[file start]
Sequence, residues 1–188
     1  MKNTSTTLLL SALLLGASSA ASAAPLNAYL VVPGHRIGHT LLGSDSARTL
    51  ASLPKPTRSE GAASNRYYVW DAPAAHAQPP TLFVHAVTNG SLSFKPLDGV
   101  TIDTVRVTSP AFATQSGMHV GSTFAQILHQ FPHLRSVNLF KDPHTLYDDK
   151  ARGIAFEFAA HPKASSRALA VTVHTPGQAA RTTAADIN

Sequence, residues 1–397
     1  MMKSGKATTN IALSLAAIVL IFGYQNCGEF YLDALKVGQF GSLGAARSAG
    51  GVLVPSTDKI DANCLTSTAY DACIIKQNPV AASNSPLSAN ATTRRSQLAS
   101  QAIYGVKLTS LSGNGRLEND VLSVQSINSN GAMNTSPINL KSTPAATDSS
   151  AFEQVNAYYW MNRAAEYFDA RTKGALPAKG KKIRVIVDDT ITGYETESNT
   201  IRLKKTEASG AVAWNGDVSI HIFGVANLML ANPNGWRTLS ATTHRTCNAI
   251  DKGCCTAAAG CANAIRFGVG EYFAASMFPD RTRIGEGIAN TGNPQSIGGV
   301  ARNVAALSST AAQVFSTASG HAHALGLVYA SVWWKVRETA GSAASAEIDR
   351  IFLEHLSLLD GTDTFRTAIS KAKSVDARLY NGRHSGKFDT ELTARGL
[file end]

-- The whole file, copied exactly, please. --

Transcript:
Sequence, residues 1–188
     1  MKNTSTTLLL SALLLGASSA ASAAPLNAYL VVPGHRIGHT LLGSDSARTL
    51  ASLPKPTRSE GAASNRYYVW DAPAAHAQPP TLFVHAVTNG SLSFKPLDGV
   101  TIDTVRVTSP AFATQSGMHV GSTFAQILHQ FPHLRSVNLF KDPHTLYDDK
   151  ARGIAFEFAA HPKASSRALA VTVHTPGQAA RTTAADIN

Sequence, residues 1–397
     1  MMKSGKATTN IALSLAAIVL IFGYQNCGEF YLDALKVGQF GSLGAARSAG
    51  GVLVPSTDKI DANCLTSTAY DACIIKQNPV AASNSPLSAN ATTRRSQLAS
   101  QAIYGVKLTS LSGNGRLEND VLSVQSINSN GAMNTSPINL KSTPAATDSS
   151  AFEQVNAYYW MNRAAEYFDA RTKGALPAKG KKIRVIVDDT ITGYETESNT
   201  IRLKKTEASG AVAWNGDVSI HIFGVANLML ANPNGWRTLS ATTHRTCNAI
   251  DKGCCTAAAG CANAIRFGVG EYFAASMFPD RTRIGEGIAN TGNPQSIGGV
   301  ARNVAALSST AAQVFSTASG HAHALGLVYA SVWWKVRETA GSAASAEIDR
   351  IFLEHLSLLD GTDTFRTAIS KAKSVDARLY NGRHSGKFDT ELTARGL